• The difference between the cost of renting and your potential mortgage payment
  • The amount of your down payment
  • The amount of interest you'd pay over a set period, say 5 years

These are the largest measurements of opportunity cost.

For example, if your mortgage payment is higher than your rent, you have an opportunity cost. What would you have made if you invested the extra money?

The same principal applies to your down payment money. Let' say you put down 20% on a $200,000 home. That's $40,000. What could you have made if you invested that money? It's your opportunity cost.

Lastly, don't forget about interest. Not the rate, but the money you pay over the life of the loan. Your mortgage disclosures tell you the total interest you'll pay. Look at the total interest over a few years. If you rented, you wouldn't pay interest. You could use this money elsewhere. It's now your opportunity cost.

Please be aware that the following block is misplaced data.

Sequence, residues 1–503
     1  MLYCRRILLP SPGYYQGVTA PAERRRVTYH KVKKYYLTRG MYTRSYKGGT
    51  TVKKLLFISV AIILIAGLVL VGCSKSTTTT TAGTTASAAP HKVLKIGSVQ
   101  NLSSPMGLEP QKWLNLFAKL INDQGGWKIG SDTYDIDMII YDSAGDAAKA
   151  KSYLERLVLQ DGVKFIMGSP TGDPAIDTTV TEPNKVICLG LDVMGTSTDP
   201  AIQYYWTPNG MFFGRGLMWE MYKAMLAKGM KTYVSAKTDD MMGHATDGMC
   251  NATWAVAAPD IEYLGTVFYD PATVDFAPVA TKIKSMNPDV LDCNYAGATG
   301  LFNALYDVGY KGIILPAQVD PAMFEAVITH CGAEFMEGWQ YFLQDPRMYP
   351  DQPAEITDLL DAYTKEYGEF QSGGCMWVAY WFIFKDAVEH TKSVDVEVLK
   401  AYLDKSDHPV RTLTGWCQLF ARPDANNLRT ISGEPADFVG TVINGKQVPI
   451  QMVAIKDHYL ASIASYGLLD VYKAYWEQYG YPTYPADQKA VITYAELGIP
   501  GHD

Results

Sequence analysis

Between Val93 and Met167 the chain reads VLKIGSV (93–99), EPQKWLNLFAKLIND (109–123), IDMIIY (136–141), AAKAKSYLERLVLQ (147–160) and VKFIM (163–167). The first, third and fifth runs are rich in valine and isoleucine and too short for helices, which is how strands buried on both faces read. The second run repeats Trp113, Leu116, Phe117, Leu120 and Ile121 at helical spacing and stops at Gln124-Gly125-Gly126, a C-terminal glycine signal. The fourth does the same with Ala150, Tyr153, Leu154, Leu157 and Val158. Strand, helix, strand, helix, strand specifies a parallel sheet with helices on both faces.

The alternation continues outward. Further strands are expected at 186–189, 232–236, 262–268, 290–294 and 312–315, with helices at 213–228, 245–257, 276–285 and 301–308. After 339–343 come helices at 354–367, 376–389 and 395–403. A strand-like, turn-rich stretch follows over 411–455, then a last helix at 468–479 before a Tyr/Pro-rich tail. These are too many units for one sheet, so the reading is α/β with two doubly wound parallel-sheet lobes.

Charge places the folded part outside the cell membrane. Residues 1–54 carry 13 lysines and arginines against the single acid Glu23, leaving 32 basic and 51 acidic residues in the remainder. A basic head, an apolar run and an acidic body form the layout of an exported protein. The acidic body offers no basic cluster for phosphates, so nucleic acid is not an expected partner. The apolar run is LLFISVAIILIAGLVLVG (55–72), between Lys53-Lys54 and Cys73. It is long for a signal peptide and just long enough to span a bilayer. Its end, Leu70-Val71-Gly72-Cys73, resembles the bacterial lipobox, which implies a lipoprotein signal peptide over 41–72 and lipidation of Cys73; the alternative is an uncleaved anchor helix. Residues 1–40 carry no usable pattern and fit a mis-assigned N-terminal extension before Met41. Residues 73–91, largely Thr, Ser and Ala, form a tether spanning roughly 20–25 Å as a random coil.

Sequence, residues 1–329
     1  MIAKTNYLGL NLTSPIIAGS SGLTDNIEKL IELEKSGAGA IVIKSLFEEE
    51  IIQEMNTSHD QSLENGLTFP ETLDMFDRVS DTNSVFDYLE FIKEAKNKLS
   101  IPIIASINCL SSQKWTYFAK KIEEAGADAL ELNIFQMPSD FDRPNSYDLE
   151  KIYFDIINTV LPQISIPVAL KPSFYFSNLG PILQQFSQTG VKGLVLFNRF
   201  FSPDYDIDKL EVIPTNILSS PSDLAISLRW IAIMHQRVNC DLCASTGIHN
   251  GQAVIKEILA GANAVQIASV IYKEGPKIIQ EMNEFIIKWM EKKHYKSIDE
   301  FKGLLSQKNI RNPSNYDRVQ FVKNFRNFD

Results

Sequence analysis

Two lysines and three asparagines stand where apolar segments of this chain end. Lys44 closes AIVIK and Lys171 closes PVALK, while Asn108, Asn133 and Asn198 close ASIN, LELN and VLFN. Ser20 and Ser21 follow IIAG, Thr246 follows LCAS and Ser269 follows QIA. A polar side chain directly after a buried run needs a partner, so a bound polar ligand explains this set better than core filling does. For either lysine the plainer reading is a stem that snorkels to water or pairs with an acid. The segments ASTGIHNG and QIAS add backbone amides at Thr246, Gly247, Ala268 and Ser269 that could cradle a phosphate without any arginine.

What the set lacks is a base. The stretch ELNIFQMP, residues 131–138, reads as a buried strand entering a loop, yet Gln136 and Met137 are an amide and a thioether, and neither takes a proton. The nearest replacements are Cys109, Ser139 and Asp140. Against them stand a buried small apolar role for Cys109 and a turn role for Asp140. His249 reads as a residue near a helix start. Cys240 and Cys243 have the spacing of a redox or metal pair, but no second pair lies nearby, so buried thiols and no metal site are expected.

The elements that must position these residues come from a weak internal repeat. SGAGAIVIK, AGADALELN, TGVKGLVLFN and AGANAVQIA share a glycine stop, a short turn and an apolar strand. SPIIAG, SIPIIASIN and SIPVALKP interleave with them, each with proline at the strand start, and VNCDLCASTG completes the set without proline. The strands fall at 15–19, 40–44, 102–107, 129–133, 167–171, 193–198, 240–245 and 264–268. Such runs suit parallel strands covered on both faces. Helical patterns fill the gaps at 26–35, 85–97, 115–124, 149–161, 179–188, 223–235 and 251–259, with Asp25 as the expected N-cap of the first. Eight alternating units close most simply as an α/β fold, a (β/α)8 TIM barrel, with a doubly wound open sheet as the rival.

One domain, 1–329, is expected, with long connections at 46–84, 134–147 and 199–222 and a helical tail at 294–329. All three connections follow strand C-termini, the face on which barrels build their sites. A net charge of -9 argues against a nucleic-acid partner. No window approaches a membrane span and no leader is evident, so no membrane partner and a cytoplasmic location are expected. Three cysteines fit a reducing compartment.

Opportunity cost may be harder to judge in some cases. You can't predict your return on investment in stocks or bonds. What if you had a loss? These are just benchmark considerations you should keep in mind.

In the end, you'll look at the big picture - all factors considered.

Why Buy Now?

So now you've asked yourself the important questions and measured your opportunity cost. Measure them alongside these compelling reasons to buy now.

  • You can build equity and have an emergency fund.
    Buying a home is a long-term investment. It doesn't give an instant return. You build equity with each mortgage payment you make. Your amortization table shows you the exact amount of principal and interest paid each month. Each principal payment increases your equity.

    Amortization Schedule: A table showing how each monthly payment affects your loan. You'll see how regular payments decrease the principal over time.

    Don't focus strictly on your ROI, though. You also build a somewhat liquid savings account. Your equity is like a secure savings account. Once you owe less than 80% of the home's value, you can tap into the equity.